Endoscope – Breaking Diagnostic Grounds With Comfort

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An Endoscope is a long thin tube with a miniature camera lens fixed on the tip of the tube, and a light source at the other. It is inserted in the body cavity of a person in order to view the inside of the intestines, oesophagus etc, and a magnified image of the relevant area is transmitted to a viewing monitor. The Endoscopy equipment consists of a control head and a flexible long tube containing several other tubes transmitting light, air, water or even suction.

Endoscopes pertaining to the specific parts of the body are developed in order to customise the procedures with regards to ailments relating to the abdominal cavity, lungs, bladder, uterus, nasal, rectum etc. For example, a gastro scope is used to view the insides of the stomach intestines; a laparoscope is used to look in anything from the gall bladder to the women’s reproductive organs etc.

Initially endoscopic instruments were only used to take images of the organs and intestines, today, live colour video can be viewed and all aspects of the affected area can be diagnosed first hand with the use of fibre optic instruments encasing thousands of mirrors and lens in a very tiny, flexible and compact tube.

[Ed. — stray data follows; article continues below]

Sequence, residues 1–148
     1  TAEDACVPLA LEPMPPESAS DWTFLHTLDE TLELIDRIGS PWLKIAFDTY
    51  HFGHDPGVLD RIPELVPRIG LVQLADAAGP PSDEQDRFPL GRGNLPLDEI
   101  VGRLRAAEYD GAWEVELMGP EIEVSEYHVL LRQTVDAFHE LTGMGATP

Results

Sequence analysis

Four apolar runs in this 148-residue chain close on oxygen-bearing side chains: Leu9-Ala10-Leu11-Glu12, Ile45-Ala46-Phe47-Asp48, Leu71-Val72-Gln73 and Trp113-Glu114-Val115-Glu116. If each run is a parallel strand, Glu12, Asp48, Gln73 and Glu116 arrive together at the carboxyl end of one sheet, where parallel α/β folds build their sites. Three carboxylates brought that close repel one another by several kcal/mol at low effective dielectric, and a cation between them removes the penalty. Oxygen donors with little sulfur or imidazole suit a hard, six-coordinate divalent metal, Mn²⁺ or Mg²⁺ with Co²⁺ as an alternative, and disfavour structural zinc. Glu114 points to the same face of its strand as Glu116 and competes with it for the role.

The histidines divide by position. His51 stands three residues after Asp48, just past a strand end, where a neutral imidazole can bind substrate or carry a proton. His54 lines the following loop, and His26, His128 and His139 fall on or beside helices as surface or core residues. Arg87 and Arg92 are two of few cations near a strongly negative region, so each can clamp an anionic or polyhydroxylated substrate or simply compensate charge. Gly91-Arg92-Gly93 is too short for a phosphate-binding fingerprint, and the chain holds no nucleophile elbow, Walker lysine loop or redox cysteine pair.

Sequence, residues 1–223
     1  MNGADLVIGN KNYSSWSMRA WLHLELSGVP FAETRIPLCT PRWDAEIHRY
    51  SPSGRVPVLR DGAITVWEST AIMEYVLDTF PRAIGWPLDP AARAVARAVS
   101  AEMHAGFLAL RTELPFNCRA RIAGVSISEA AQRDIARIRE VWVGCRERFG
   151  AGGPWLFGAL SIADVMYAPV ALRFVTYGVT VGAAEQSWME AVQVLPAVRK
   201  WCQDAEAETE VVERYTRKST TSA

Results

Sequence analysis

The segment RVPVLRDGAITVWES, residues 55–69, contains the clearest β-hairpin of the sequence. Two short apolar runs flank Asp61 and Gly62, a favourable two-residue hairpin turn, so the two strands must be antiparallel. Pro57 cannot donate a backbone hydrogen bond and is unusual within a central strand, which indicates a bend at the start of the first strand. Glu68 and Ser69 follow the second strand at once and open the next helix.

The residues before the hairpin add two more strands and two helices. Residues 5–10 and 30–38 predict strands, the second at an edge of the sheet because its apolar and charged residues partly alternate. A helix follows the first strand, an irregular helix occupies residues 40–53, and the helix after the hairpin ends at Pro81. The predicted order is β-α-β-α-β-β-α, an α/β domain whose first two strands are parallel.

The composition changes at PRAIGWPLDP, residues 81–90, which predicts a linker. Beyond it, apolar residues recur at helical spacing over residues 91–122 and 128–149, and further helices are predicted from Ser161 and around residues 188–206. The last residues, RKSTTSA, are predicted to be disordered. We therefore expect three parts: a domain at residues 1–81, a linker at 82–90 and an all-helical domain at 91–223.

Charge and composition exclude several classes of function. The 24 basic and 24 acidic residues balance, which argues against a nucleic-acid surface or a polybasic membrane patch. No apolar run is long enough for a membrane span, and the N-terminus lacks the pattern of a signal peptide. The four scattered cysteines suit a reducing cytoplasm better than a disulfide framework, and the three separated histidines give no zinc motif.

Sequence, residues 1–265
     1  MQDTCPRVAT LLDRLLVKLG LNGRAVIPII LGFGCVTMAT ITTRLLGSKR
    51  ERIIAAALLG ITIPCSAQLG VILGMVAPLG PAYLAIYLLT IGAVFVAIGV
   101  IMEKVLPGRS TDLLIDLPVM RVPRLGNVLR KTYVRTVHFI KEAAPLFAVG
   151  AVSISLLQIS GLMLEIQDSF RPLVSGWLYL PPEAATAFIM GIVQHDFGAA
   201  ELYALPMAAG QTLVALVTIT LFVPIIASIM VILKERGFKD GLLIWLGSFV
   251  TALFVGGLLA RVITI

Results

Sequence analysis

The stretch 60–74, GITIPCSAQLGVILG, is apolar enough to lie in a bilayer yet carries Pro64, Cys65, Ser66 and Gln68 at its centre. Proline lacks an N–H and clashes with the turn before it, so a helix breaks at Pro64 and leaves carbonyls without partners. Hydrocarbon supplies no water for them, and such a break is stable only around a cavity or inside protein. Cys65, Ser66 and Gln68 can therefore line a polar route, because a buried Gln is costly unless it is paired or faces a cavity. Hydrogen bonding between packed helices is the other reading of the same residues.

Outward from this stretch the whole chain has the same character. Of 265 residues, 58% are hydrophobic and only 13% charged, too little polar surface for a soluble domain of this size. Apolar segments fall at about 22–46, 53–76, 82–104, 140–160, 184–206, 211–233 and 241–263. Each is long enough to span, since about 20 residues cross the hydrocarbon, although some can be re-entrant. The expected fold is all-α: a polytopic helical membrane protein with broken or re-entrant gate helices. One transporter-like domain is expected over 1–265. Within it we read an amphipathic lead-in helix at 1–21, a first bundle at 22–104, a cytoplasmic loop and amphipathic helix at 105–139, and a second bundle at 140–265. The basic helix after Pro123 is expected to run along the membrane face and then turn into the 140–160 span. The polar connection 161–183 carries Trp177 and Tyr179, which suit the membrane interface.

With the advancement of modern technology and the development of the endoscopic equipments, these are also used to take a biopsy, suck formation of pus, and also perform surgeries such as hernia, fallopian tubal ligation, laser surgeries etc.

The patient is usually given anaesthesia for sedation and also given pain killing medications to avoid soreness or discomfort. The procedure is hardly invasive, although in some cases it requires tiny incisions depending on the requirement. After the procedure the patient is kept in observation for few hours till the effect of the anaesthesia wears off and is further checked for any discomforting effects or reactions.

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